The hidden costs of missing API maintenance

10. July 2024

“We will need to update the existing application to the latest framework first.” is a phrase that often echoes through the halls of project-based software development teams. Specially when an existing application gets a feature upgrade but has not been maintained in a while.

Let´s have a look on the hidden costs of missing API maintenance.

When a backend application, including its API, is initially built and deployed on the server, it may seem that the software developer’s job is complete. The baton is then passed to the IT or DevOps department for ongoing server maintenance. Ideally, the system continues to function smoothly for weeks, months, or even years. However, in reality, every application will eventually require updates and API maintenance. These could be driven by the need to add new features, adapt to changes in third-party integrations, or address emerging issues.

Consider this: The E-Mail sending service used in the background of your application releases a new Software Development Kit (SDK). Or perhaps your company upgrades its internal Customer Relationship Management (CRM) system. If your backend application interfaces with these systems, it will require an update. The process, seemingly straightforward in theory, can quickly become complex.

A Quick Update Ends Up in Disaster

Sure, calling it a "disaster" might seem dramatic, but the term certainly grabs attention! And in many ways, it’s not far from the truth. A quick update can quickly become a complex and time-consuming ordeal. On paper, it might appear to be a minor adjustment, but as soon as the software developer retrieves the old code from the repository, a series of unforeseen issues often begin to emerge.

Take this common scenario: The new E-Mail sending SDK requires a minimum Java version that your application currently doesn’t support. To integrate this SDK, you start by updating to the new Java version. However, this upgrade could also necessitate updating your framework to its latest version, which might introduce new dependency issues. Each step in this chain reaction consumes more time and resources than initially anticipated. Hour after hour slips away, and what was estimated to be a “small” update transforms into a full-blown project.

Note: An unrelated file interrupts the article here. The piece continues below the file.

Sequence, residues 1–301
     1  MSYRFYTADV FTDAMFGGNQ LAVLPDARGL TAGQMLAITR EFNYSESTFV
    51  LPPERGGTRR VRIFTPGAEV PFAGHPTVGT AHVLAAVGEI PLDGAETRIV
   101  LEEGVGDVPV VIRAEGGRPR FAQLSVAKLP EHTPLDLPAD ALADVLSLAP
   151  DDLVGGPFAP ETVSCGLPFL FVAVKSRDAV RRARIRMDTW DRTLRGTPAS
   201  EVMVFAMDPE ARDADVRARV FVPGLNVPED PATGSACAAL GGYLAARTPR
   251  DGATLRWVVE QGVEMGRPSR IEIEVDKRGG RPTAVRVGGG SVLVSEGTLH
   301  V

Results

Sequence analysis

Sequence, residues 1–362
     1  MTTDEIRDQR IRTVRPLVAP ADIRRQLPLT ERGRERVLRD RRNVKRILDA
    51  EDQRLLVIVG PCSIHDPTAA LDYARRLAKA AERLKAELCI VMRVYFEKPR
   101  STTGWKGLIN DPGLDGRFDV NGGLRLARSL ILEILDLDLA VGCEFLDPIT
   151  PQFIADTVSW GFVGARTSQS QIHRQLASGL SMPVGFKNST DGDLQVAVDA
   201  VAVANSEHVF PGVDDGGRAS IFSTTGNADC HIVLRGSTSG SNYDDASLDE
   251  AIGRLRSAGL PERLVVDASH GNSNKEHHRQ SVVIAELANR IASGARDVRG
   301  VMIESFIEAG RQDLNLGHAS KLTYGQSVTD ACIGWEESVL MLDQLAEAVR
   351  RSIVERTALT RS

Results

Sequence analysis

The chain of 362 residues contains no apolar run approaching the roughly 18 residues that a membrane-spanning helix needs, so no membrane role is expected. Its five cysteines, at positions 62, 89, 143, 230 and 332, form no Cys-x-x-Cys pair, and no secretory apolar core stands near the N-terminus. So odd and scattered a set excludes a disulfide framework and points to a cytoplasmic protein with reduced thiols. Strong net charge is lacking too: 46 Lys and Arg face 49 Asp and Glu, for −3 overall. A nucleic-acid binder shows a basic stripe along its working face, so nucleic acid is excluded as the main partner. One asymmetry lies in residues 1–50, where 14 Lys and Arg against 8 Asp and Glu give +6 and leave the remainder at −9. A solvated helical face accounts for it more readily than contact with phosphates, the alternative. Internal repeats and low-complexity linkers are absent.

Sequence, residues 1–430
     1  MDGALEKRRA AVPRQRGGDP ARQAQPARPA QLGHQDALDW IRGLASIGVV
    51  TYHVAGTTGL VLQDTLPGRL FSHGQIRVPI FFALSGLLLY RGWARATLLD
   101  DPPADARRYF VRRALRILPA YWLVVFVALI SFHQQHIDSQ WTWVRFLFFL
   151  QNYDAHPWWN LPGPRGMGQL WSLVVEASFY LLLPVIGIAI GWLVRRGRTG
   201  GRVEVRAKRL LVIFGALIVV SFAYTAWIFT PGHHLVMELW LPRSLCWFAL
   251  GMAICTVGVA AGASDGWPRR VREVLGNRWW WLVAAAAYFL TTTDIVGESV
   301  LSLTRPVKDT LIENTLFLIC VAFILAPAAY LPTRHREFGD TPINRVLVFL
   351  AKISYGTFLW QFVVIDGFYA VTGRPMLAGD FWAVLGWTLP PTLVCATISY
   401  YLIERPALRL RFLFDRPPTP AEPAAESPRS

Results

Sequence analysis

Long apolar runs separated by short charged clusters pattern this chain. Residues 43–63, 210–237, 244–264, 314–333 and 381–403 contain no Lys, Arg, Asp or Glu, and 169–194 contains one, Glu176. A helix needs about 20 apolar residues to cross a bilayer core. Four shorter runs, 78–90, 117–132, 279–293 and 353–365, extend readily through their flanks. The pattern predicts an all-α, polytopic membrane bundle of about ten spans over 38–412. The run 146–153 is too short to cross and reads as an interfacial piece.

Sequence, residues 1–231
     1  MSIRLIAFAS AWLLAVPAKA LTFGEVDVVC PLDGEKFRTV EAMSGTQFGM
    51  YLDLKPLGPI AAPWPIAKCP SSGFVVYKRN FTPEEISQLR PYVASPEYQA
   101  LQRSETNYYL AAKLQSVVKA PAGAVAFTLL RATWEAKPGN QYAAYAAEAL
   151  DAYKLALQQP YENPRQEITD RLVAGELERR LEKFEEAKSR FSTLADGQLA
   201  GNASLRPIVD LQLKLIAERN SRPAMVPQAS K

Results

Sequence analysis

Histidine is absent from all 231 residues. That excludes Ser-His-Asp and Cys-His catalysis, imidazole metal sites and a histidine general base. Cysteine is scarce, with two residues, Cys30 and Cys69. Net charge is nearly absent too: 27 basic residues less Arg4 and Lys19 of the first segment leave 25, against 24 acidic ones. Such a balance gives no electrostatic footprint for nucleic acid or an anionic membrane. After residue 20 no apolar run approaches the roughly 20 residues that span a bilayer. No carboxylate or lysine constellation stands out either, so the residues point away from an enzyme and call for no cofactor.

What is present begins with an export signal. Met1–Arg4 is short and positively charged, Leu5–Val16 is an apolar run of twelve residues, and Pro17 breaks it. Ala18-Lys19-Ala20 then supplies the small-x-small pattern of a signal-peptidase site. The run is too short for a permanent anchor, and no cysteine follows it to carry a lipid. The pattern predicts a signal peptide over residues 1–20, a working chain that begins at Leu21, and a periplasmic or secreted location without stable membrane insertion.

Soon, the project is no longer running smoothly. It’s baffling for potential customers or stakeholders who see the application functioning perfectly on the server yet find it unrunnable after a seemingly minor update. This disconnect can lead to misunderstandings and undermine trust between the development team and the project stakeholders. This can strain relationships between the development team and the product owner side.
Actually in the software industry there is a term for not building or maintaining your software properly to save time or complete a task quicker: Technical Debt

Technical Debt

Technical debt is a concept in software development that refers to the future cost incurred due to choosing an easier, quicker solution now, instead of a more thorough, robust one. It's like taking shortcuts in your code, which might save time initially but will need to be addressed later, often at a much higher cost. This debt accumulates over time, leading to more complex and expensive fixes down the road. Now, apart from technical debt that is built during development, not maintaining your software applications will also pile up technical debt over time. Time and effort will be necessary sooner or later in order to keep your system running.

You could compare it to the real-life example of owning a car. Let's assume you skip the first year of service: “Everything is working perfectly fine, why should I spend money on service.”, you might think. However, what isn't visible yet is that the oil filter is starting to get a bit clogged. Replacing it now would be ideal, but since there are no immediate problems, you let it slide. Now let's skip the second year of service. Your car might begin to develop a few issues now and then, but they aren’t visible from the outside. Meanwhile, your oil filter is reaching the end of its lifespan. By the third year it is still running, but a pile of technical debt has accumulated. You now have multiple issues that need fixing all at once to keep your car in good condition.

And then, disaster strikes...

The oil filter is no longer filtering properly, causing significant engine damage. The once small and manageable issues have compounded into a major problem, costing you an enormous amount of money to repair.

Similarly, in software development, neglecting regular maintenance and updates leads to technical debt. Over time, minor issues that could have been easily fixed can escalate into major problems. Leading to extensive and costly repairs. Regular maintenance is crucial to avoid the pitfalls of technical debt, ensuring the smooth and efficient operation of your software in the long run.

A car that has broken down.

Let's put a price on missing API maintenance